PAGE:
“We’re in an environment where a lot of very wealthy, powerful people will use their money to reinforce the status quo,” Mr. de Blasio said. “We’ve seen it directed against me and directed against other progressive leaders around the country.” In ot…

Outside arena last night: illegal parking (in three places), a plaza scuffle, and a Jose Cuervo "souvenir"; ESD mealymouthed about VIP parking

On Monday morning, I queried Empire State Development, the state agency overseeing/shepherding Atlantic Yards, to ask about the blatant use of public space for private parking at the Barclays Center the day before.

Yesterday afternoon, some 2.5 business days later, I got a response from ESD: “We have spoken with Forest City/Greenland about this issue. We will add it to our log and report the neighborhood’s concerns to NYPD and DOT.”

That wasn't particularly helpful, because when I walked by the arena last night at about 8:30 pm, nearly halfway into the game between the Brooklyn Nets and Dallas Mavericks, I saw 13 vehicles parked in the "No Standing" zone, plus a sign indicating "Lyft Zone," presumably a drop-off for those using the ride-hailing app.

I approached the yellow-coated Pedestrian Monitor from Sam Schwartz Engineering, who seemed to be overseeing the space. "How," I asked, "can you get to park around here like this?" He ignored me …

Deal for Nets/Barclays completed, now valued at $1.7B; arena seemingly a loss; Moody's reveals dangerously low debt coverage; Prokhorov pledges community continuity

See my update on arena finances and valuation.

Upon formal announcement of the deal to sell Mikhail Prokhorov's Onexim Sports & Entertainment the 20% of the Brooklyn Nets and 55% of the Barclays Center (operating company) controlled by Forest City Enterprises, the arena deal appeared to be a loss [see below for questions about that] and a bond rating agency revealed that the past year's debt service coverage ratio--the net revenue available to pay back the construction bonds--was dangerously low.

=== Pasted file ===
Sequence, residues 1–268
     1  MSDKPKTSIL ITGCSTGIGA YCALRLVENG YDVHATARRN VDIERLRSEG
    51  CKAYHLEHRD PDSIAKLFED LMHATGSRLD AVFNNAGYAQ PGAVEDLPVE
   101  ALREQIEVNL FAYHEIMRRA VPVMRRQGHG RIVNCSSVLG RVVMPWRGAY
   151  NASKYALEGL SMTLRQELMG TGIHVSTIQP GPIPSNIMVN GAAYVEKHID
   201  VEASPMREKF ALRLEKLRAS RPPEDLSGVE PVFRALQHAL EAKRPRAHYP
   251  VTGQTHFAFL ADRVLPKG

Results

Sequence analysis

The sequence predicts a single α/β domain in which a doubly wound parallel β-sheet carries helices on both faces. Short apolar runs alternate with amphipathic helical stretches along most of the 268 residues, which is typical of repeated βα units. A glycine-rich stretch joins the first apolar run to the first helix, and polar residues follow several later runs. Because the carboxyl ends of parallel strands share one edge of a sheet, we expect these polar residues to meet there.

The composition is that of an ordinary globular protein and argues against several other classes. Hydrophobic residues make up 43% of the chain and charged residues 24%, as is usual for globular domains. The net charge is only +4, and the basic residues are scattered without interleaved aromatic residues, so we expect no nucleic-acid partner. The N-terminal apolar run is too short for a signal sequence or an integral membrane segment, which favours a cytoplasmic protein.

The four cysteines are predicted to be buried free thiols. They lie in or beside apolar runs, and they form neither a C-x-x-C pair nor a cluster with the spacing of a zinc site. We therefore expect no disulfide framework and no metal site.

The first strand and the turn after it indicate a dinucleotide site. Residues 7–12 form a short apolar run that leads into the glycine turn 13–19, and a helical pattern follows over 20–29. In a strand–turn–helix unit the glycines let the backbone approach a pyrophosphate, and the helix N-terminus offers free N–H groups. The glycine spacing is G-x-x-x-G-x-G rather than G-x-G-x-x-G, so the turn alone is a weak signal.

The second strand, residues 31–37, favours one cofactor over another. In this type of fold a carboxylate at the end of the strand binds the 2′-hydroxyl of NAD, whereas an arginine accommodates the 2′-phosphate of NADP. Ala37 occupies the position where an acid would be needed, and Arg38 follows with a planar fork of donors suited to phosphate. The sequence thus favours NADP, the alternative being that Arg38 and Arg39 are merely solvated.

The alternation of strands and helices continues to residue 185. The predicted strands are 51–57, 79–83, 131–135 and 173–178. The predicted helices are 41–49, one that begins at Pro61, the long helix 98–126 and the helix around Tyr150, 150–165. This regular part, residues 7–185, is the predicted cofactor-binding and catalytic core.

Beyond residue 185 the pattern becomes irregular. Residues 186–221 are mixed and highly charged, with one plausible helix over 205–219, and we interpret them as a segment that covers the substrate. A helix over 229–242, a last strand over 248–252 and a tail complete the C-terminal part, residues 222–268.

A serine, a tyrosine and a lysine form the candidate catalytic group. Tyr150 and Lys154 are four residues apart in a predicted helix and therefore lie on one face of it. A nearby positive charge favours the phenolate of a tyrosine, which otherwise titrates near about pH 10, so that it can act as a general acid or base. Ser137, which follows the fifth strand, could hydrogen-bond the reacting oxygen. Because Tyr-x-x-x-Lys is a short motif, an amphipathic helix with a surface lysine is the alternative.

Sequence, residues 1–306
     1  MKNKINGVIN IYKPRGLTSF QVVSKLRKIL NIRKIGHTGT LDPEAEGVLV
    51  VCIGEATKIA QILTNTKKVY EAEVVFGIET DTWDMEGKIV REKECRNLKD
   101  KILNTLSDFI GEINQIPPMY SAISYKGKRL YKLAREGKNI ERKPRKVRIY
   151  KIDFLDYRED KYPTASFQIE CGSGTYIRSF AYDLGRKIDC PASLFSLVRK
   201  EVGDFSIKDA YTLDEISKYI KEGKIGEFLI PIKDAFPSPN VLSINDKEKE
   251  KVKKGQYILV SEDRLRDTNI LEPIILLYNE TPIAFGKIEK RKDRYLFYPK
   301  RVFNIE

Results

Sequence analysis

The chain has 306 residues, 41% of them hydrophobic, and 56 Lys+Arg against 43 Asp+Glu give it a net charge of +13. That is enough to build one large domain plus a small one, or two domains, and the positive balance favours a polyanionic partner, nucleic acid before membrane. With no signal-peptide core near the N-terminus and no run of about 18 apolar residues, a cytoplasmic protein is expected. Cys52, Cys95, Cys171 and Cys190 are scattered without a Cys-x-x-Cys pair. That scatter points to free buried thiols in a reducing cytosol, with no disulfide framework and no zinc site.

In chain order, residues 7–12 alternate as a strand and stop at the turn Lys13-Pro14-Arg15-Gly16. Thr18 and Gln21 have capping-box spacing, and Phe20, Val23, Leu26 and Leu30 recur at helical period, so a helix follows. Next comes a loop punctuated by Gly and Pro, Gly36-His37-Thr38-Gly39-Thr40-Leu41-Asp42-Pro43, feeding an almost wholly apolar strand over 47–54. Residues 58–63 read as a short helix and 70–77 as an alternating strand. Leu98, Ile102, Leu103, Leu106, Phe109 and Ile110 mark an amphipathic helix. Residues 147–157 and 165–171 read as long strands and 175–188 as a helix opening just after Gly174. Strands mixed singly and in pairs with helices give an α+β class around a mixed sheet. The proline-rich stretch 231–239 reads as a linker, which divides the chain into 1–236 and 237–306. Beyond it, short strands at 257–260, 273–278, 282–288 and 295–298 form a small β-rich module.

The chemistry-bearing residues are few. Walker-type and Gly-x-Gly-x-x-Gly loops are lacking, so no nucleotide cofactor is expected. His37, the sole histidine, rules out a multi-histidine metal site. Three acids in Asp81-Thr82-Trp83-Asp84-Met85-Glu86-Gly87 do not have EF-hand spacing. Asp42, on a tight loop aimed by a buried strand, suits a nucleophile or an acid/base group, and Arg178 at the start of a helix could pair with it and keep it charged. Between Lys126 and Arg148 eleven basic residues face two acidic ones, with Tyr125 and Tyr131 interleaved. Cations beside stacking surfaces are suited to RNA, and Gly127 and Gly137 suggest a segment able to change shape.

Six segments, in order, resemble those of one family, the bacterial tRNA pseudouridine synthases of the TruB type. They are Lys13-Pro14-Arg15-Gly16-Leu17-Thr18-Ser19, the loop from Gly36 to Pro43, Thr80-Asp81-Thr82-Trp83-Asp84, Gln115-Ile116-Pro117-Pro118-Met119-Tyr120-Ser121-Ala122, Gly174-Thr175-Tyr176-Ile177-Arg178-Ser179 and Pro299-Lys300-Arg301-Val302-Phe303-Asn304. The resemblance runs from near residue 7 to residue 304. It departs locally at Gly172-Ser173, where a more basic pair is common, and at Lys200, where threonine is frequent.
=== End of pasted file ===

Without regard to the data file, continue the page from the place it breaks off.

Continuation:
Prokhorov also vaguely pledged community continuity in the wake of local concerns, stating that existing Forest City Ratner staff would remain as interfaces with the public. 
That makes strategic sense, given the difficulty in finding new people, but also means that the Forest City staffers will be conduits, with no clear power to implement policy changes.
The new value
According to the Forest City press release, "The transaction values the team at approximately $875 million a…

How Barclays Center got aggressive alcohol policy for hockey games past potential overseers; what happened to required Quality of Life committee?

Everybody missed how the Barclays Center got sneaky in 2012, getting a more aggressive--and profit-seeking--alcohol service policy for NHL hockey games than the nationwide norm, with no public discussion.

Now, after an altercation, the arena has dialed back. It now cuts off service after the second period of New York Islanders games rather than, as previously, only after the 8th minute--"no later than 12 minutes prior to the end"--of the 20-minute third period.

That's what it should have been in the first place, according to experts. (Also, that's the policy at Madison Square Garden for the New York Rangers and was the policy at the Nassau Coliseum.)

As IslesBlog notes, the altercation occurred during the second intermission. Others have noted that drinking is already an issue on LIRR trains before the game.

The initial plans

In 2012, when the Barclays Center applicants, Levy Premium Foodservice and Brooklyn Events Center, sought a liquor license, they told involved c…